“My name is Sanika*. My father had married to another woman. He didn’t live with us. My mother used to work for a family. My mother, grandmother, my younger brother and me, we all lived together with that family where my mother worked as a house helper. I was very young at that time. I cannot remember my age. One day I went outside the house and saw many children were playing. I joined them and went to the train station. We all went inside the train, playing. I didn’t notice that the train started to move. I left my family behind. I didn’t know how to return to my family.
Since then I started living in the street. I begged to survive and slept in people’s stairs or in stations. People were very rude toward me. Sometimes they gave me food but most of the time they didn’t. I was with other children. I couldn’t settle my mind in a place for very long. I always moved from one place to another. One day a woman brought me to the Mazar, a religious shrine in Dhaka. There I made friends with other boys and girls. Most of them were drug addicted. They also offered drugs to me. Through their encouragement, I also started taking drugs. One day the police caught us and put us into jail. I was in the jail for ten years. Many girls were able to come out with their family’s help. But, with no family meembers to help me, I had to stay there. One day we escaped. All of us, around 150 girls, ran away from the jail. I came back to the Mazar.
I was living there with other girls. There I met my husband. He fell in love with me and married me. He was very kind and caring for first few months. But when I couldn’t pay him dowry then he started abusing me. He always hit me, tortured me severely. My eldest son was born. But my husband became more abusive. There I met another man who didn’t have one leg. He wanted to marry me. One day I left my son with my husband and ran away with that man and married him. But his family didn’t accept me. He rented a house and lived with me. There I gave birth to my second son. When my son was one year old then my second husband died. I returned back to shrine. There a woman told me that she would give me a job. I put my son in a child care centre and went with that woman. The woman took me to the largest brothel of Bangladesh. When I found out that it was a brothel and the woman sold me to the Madam, I ran away that very day. I came back to the centre where I kept my son. I started living in the shrine. Sometimes I begged, sometimes I earned by pulling lame person’s cart so they could beg. When my husband heard that I was living at the shrine, he came back to me. He had already married again, but he rented a house for me and we stayed together. But most of the time he stays with his second wife.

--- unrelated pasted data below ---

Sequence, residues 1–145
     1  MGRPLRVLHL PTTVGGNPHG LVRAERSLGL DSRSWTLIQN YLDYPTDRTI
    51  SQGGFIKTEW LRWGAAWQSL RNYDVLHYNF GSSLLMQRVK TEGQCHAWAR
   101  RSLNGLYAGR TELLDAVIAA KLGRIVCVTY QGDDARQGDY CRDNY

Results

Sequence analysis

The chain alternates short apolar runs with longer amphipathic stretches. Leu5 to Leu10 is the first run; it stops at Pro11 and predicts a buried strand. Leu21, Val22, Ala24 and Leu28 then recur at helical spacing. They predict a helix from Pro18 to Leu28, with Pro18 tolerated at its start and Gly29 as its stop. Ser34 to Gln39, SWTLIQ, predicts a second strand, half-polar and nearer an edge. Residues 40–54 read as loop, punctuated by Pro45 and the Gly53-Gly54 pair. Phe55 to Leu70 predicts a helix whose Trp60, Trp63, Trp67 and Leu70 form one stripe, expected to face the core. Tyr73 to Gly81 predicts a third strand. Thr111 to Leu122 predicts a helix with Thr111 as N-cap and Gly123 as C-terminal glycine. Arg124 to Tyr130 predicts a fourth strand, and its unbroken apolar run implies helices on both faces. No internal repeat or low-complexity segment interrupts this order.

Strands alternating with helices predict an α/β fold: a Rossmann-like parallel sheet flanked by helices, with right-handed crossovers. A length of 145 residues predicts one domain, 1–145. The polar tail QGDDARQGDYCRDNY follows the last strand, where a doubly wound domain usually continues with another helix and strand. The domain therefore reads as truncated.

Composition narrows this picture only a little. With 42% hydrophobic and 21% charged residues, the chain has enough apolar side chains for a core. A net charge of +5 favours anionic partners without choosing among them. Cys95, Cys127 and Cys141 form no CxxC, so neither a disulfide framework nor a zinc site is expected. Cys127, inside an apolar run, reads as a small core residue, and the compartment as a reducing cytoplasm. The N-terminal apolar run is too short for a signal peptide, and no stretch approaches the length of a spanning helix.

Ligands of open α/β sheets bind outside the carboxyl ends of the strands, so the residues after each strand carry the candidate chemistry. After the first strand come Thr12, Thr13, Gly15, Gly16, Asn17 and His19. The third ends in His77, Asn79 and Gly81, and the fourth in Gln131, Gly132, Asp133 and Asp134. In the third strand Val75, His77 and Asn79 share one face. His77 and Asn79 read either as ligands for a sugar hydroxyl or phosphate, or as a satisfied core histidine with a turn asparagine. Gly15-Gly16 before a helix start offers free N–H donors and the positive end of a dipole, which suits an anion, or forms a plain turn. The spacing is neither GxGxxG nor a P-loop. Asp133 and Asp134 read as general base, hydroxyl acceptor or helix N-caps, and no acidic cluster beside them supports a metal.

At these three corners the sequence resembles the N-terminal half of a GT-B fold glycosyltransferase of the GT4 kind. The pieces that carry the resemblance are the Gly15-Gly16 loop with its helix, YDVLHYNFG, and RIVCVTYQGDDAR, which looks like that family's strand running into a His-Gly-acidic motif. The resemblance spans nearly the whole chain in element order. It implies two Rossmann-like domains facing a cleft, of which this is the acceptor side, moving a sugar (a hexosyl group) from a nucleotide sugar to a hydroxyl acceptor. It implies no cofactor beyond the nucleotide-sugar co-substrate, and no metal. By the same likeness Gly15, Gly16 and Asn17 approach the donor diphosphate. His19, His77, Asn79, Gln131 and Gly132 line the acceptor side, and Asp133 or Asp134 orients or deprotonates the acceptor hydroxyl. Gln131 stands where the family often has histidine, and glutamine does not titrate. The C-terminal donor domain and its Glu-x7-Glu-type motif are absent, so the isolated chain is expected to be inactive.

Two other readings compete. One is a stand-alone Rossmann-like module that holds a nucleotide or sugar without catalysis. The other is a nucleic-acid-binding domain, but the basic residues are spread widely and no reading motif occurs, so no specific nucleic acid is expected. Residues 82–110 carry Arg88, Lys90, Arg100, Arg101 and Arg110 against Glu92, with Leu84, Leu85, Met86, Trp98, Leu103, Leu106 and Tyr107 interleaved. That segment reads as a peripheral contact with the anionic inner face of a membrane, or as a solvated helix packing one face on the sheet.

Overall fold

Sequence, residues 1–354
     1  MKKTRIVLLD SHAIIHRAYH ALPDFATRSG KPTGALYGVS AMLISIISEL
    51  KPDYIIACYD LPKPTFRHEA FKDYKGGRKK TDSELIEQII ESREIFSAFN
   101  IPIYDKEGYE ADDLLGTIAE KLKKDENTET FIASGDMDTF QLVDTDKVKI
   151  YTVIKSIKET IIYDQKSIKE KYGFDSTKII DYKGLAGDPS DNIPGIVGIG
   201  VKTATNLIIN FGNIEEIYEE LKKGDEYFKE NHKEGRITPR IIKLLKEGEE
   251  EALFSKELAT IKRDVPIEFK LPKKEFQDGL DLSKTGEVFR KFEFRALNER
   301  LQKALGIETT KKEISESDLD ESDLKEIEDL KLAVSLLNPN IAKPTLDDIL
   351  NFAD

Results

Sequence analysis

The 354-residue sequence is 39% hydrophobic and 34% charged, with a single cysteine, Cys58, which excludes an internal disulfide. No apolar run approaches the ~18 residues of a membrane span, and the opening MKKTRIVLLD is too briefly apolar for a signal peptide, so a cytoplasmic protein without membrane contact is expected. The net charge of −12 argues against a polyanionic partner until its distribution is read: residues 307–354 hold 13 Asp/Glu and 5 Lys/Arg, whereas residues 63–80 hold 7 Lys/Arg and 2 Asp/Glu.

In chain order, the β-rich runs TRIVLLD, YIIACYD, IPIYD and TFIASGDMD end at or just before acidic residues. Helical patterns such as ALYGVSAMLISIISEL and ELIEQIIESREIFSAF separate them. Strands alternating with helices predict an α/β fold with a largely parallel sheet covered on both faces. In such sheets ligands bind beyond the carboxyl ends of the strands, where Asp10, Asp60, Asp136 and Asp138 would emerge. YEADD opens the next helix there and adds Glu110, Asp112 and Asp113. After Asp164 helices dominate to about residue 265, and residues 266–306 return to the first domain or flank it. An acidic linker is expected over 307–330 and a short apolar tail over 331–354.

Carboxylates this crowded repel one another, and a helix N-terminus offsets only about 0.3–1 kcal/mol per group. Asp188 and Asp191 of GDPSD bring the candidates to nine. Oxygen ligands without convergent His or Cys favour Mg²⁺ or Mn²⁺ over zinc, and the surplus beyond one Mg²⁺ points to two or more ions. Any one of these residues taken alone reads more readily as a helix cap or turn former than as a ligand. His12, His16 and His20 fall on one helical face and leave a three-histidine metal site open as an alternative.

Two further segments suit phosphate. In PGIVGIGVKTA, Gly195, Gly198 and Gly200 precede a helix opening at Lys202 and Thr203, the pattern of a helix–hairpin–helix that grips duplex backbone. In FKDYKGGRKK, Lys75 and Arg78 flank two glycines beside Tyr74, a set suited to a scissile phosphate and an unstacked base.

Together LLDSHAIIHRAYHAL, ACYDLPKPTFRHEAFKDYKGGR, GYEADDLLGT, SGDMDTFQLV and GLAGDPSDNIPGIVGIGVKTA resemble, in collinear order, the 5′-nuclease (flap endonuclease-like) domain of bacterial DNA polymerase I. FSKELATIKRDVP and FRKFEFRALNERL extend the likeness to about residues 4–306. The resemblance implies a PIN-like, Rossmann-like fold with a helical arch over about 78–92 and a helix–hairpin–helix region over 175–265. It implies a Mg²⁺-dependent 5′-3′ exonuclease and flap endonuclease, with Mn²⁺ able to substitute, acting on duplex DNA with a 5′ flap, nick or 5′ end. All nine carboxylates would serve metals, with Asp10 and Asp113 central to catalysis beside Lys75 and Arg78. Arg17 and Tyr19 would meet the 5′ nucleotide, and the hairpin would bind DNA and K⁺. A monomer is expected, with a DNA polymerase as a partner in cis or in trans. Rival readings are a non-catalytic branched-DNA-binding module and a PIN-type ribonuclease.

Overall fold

Now I have four sons. Two are living with me and other two live with my mother in-law. My husband doesn’t provide for me and my children. I am glad that God provided a work place for me. In my early years I could never settle my mind in one place for long time. But I don’t know how I fixed my mind here at Basha Enterprises. I am working here for more than three years. Everyone’s love and care has helped to me to have a deep root in Basha Enterprises. I want to continue my work here as long as Basha Boutique exists.”
*name changed to protect identity